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News feature: Where do generic and brand names come from?

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The Pharmaceutical Journal Vol 267 No 7161 p223-224
18 August 2001

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News feature

Where do generic and brand names come from?

In the course of their work, pharmacists handle hundreds of drugs every day. Many have names that seem like old friends, while others seem to have come from another planet. Yet, how many pharmacists stop to consider how drugs get their names? Frances Thompson discovers how


Until the 1939?45 war, most drugs were either natural products or extracts of natural products. However, by the late 1940s, synthetic drugs were beginning to become more common. The system of British Approved Names (BAN) was set up in 1948 to provide convenient generic names by which people could refer to these increasingly complicated compounds — the chemical names were becoming too lengthy and incomprehensible for general use.

At about the same time, other countries also began introducing naming systems. However, there was little or no communication between countries about drug names, and instances began to arise of the same drug being called by different names in different countries (eg, acetaminophen being used in the United States to describe paracetamol). To co-ordinate the naming of drugs, the World Health Organization set up International Nonproprietary Names (INNs) in 1951. Since then, drug naming has been consistent throughout the world.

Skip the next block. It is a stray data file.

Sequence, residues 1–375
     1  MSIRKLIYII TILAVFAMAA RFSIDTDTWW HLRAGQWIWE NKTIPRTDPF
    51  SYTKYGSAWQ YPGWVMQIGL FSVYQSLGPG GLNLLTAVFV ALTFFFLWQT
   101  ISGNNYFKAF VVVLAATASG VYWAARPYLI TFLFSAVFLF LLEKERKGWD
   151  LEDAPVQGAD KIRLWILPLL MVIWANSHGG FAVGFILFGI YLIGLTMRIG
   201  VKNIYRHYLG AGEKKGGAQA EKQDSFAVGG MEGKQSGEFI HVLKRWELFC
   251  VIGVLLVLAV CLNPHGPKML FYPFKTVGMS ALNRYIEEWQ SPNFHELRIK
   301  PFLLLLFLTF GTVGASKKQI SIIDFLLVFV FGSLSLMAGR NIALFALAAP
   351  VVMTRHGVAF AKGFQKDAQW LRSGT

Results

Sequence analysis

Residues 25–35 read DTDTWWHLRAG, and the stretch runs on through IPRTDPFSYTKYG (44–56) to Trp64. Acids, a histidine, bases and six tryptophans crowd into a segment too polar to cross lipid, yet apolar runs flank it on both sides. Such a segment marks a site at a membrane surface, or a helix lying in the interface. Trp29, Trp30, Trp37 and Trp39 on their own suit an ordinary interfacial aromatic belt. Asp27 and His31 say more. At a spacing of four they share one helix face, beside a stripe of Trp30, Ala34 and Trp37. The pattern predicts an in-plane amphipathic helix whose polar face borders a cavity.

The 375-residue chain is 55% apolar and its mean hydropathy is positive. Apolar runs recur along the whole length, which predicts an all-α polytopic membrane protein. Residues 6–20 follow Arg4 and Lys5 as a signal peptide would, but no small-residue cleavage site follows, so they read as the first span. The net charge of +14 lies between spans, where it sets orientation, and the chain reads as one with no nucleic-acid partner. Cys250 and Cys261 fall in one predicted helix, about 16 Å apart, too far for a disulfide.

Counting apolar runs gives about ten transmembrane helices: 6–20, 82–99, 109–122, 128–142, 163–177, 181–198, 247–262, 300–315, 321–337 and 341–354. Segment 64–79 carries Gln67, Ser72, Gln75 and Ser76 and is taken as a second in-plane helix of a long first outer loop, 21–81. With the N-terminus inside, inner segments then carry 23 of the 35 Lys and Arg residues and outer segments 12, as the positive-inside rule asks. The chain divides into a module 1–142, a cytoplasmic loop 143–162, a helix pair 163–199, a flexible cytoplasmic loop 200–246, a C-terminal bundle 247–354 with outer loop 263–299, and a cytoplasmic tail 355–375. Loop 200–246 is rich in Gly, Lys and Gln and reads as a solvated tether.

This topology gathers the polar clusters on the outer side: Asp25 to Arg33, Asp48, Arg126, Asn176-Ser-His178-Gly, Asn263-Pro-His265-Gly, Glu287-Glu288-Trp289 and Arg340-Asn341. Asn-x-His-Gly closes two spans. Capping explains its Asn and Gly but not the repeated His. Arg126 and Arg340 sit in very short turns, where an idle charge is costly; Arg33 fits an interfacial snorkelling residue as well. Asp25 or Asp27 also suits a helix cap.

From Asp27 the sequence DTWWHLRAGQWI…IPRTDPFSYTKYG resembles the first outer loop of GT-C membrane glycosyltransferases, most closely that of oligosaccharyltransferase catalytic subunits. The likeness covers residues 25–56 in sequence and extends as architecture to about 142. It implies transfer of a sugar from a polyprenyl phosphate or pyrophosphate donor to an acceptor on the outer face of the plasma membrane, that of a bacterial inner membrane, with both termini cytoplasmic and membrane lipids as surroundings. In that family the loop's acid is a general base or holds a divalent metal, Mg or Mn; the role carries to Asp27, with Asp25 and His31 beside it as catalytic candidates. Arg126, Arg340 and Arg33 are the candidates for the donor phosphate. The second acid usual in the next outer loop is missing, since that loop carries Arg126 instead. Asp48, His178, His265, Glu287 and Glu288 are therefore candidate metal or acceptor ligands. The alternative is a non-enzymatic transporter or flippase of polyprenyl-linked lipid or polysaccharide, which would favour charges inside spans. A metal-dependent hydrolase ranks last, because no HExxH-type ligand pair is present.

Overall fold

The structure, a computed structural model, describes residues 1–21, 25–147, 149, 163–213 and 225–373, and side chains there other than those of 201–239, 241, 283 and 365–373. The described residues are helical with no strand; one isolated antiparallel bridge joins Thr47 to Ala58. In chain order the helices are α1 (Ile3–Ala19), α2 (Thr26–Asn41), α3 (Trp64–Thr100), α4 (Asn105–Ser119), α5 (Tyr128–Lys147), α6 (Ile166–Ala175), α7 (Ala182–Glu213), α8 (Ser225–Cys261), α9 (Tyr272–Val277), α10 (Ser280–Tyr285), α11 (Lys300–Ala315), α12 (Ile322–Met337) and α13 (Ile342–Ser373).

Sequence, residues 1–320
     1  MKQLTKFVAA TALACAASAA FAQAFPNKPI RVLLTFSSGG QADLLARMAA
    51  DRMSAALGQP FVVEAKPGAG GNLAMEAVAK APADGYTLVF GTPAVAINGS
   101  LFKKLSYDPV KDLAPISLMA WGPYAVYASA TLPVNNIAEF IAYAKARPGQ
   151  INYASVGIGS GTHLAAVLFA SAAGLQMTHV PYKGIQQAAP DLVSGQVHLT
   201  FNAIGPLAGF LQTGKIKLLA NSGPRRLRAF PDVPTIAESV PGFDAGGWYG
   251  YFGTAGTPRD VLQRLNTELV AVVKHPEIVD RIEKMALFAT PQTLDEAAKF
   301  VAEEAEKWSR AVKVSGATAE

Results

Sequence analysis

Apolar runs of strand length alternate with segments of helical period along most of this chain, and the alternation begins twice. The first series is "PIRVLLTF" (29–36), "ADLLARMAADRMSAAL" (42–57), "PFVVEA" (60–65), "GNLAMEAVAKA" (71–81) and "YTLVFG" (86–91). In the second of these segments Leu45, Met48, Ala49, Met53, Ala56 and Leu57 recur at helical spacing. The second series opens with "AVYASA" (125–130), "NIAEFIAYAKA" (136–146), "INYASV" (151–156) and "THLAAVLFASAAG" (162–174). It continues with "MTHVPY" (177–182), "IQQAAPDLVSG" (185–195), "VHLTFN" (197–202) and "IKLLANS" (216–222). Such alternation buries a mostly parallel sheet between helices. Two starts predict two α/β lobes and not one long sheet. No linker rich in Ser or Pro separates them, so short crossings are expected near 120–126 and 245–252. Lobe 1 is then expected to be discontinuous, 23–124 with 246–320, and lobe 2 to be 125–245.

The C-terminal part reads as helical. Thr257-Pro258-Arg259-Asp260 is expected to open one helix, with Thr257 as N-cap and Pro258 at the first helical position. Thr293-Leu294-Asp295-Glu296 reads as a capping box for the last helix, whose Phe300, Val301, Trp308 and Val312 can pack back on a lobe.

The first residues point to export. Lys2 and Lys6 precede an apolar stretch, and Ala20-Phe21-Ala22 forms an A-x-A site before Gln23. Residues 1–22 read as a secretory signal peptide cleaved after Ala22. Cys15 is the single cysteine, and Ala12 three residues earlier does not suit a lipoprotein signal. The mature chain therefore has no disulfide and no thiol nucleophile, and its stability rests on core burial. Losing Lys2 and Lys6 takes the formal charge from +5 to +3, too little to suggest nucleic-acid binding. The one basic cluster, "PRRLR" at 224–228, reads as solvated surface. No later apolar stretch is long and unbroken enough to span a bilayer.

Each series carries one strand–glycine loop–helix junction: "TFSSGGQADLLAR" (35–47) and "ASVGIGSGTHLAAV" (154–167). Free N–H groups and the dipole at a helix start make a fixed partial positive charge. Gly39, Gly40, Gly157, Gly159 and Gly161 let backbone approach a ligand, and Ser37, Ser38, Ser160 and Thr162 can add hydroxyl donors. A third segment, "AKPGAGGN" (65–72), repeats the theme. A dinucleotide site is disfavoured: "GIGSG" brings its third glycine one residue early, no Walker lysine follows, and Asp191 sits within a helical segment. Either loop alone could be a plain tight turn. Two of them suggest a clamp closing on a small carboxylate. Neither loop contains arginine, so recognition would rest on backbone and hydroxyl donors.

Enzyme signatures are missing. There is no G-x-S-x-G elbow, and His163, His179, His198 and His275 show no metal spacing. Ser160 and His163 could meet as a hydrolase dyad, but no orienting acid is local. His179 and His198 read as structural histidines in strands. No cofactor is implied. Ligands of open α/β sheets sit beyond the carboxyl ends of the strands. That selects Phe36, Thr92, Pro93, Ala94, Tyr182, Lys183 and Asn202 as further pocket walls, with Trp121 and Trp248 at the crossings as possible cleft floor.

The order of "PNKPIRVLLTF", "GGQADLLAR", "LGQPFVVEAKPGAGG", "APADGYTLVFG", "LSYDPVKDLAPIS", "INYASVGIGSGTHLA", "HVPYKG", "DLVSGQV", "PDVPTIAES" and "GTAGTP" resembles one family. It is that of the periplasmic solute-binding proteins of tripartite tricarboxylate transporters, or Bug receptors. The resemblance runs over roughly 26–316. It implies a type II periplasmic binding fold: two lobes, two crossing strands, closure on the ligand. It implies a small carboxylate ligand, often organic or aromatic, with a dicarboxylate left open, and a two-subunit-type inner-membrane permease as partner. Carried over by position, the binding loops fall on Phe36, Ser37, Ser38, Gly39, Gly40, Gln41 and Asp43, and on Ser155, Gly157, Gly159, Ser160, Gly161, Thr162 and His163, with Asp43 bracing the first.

Roger Trigg, secretary of the British Pharmacopoeia Commission’s nomenclature committee, summarises the system for obtaining an INN: “Once a name has been chosen by a manufacturer, it is reviewed by the BAN committee secretariat (or its equivalent in other countries) for its suitability. If it is considered acceptable, an application is made to the WHO for it to become a proposed INN. These days, no name is likely to be totally free of conflict in every country, so once the INN committee has agreed the name, it publishes a list of proposed INNs in several languages. Objections to any of the proposed INNs can be made by countries or by companies and must be lodged within four months of publication of this list. Once this period is over and there has been a final review, the list is finalised and the name becomes a recommended INN.” The process takes 15 months, on average.